The Marshall-Plan was not unconditional either, yet (I'm sure you'll agree) it is one of the best pieces of US FP ever.

    You allege that the US not only seek to influence these countries' policies not only in order to seek the most favourable outcome for the concerned country and the world economy, but also in order to seek a favourable outcome for itself. You even go further and allege that the US seeks to benefit itself more than the country it gives money to.
    I'm not quite sure about that. I would like concrete examples and good sources.

    I am pretty sure its immoral if not ilegal to kill around 2 million citizeans of a country when you claim to be freeing it, or do you think that is just fine?
    It may have been immoral, but it was not illegal. Morality is always relative, whereas legality is not. Something is either illegal or it's not. If it does not say somewhere that it is forbidden, than it is not illegal.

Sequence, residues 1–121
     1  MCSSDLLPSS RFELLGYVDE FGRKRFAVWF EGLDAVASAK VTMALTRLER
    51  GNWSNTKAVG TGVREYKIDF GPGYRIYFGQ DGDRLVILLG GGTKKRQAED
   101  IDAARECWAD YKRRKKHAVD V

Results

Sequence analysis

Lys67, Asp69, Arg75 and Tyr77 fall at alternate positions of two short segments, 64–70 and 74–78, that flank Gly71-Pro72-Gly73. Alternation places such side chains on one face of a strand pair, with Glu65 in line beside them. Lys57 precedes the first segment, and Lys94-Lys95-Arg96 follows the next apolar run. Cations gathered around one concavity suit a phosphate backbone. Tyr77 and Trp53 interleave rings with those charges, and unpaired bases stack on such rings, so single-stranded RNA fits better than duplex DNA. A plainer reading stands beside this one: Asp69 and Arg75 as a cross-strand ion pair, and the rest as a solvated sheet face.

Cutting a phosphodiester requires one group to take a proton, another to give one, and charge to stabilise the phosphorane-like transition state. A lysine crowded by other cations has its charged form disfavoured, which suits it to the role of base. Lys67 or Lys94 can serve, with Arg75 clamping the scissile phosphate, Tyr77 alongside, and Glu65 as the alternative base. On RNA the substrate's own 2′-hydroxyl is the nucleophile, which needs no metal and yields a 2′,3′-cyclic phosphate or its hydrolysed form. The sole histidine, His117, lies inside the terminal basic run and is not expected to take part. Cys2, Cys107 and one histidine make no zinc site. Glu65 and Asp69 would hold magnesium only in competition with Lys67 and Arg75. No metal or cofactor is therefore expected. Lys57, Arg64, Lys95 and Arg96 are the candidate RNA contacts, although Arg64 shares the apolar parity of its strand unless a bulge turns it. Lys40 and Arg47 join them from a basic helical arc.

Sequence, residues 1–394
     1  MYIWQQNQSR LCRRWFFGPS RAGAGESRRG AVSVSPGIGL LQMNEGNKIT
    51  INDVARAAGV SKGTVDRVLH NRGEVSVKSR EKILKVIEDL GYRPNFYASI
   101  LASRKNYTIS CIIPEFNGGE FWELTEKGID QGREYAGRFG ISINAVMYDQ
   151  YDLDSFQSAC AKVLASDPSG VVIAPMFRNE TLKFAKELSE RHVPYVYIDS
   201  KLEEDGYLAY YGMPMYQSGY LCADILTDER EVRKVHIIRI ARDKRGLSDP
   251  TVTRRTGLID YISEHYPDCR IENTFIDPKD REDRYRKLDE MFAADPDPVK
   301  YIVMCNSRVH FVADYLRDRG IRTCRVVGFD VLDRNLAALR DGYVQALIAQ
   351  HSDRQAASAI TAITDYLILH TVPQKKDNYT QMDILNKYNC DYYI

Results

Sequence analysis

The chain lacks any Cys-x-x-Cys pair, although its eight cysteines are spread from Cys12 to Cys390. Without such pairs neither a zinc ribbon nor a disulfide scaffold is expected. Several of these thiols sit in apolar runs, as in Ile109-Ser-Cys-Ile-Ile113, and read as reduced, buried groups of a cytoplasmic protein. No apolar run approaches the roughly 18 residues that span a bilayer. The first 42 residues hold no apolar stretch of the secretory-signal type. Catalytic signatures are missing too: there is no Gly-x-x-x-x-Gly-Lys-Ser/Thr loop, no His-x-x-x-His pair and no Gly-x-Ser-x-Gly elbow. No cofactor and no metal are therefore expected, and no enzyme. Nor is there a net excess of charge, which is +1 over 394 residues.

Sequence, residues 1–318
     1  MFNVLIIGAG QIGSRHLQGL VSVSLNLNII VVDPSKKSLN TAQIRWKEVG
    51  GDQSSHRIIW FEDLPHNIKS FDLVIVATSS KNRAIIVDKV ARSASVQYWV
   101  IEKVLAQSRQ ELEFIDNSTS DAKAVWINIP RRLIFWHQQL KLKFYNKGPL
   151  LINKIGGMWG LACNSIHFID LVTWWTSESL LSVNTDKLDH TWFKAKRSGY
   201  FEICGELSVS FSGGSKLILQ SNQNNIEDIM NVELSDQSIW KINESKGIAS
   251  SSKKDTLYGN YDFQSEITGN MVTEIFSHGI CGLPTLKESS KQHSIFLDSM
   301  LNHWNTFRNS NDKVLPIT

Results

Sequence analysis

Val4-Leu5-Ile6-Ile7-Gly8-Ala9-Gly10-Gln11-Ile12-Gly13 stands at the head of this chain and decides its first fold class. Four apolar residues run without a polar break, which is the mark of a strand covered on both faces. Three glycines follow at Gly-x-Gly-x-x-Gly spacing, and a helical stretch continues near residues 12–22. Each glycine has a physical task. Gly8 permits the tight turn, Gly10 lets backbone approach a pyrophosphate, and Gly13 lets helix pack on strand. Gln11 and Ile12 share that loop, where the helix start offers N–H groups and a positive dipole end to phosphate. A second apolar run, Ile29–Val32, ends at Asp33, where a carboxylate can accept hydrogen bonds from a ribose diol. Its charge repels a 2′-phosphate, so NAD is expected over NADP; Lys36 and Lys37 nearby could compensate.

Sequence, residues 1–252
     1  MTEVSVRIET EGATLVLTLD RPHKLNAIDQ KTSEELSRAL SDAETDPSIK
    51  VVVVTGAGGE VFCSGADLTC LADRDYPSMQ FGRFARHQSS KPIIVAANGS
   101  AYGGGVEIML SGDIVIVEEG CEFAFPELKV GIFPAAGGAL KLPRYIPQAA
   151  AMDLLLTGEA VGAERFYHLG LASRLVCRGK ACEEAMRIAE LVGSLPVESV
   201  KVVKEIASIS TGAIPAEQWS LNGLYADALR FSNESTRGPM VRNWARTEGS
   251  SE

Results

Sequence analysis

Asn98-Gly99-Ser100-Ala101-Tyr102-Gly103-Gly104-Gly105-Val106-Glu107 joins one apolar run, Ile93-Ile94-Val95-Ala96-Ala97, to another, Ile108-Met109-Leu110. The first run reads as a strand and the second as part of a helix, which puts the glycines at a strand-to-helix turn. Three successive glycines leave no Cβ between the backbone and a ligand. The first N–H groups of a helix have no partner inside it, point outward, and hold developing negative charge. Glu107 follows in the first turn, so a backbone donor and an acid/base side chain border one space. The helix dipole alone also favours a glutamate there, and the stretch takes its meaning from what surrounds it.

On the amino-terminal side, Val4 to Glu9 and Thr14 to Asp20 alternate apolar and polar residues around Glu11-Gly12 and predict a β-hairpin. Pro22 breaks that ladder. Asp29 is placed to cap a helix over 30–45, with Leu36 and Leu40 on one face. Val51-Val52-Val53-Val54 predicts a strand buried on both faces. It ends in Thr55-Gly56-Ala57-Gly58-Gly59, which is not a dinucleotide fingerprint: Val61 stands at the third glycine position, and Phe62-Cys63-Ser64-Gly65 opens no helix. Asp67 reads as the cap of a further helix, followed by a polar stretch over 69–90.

Can you show me a law that outlaws interventions such as the one conducted by the US in Vietnam?


    1. do you think its a policy that is good for humanity?
    I suppose you mean US FP here. I can't answer that question in general. Some of it is, some of it isn't. It's not black-and-white. The US have done good things for the world, they also have done bad things.
    On the whole however, I think that the world would be worse-off without the US.
    2. do you think any country takes the policy to the extremes that the US does?
    I suppose you mean extreme self-interest here (as that was one of the main points of your post).
    Yes, I do. In fact, many go much further and have less consideration for other countries' interests and the US.
    I think one concrete example will suffice. I think it is pretty obvious that many states have a more extreme FP than the US.
    Take Iran: They are actively seeking to destabilise Iraq in order to establish an Islamist regime there. They have done so before the war in trying (successfully) to fool the US into believing there were WMDs so they would attack Saddam's regime. Now, they are trying to get the Shiites to start a civil war.
    That policiy is utterly irresponsible as (if successful) it will result in huge suffering for the Iraqi people. The damage done to Iraq would be massive, incomparable to the damage done by the US.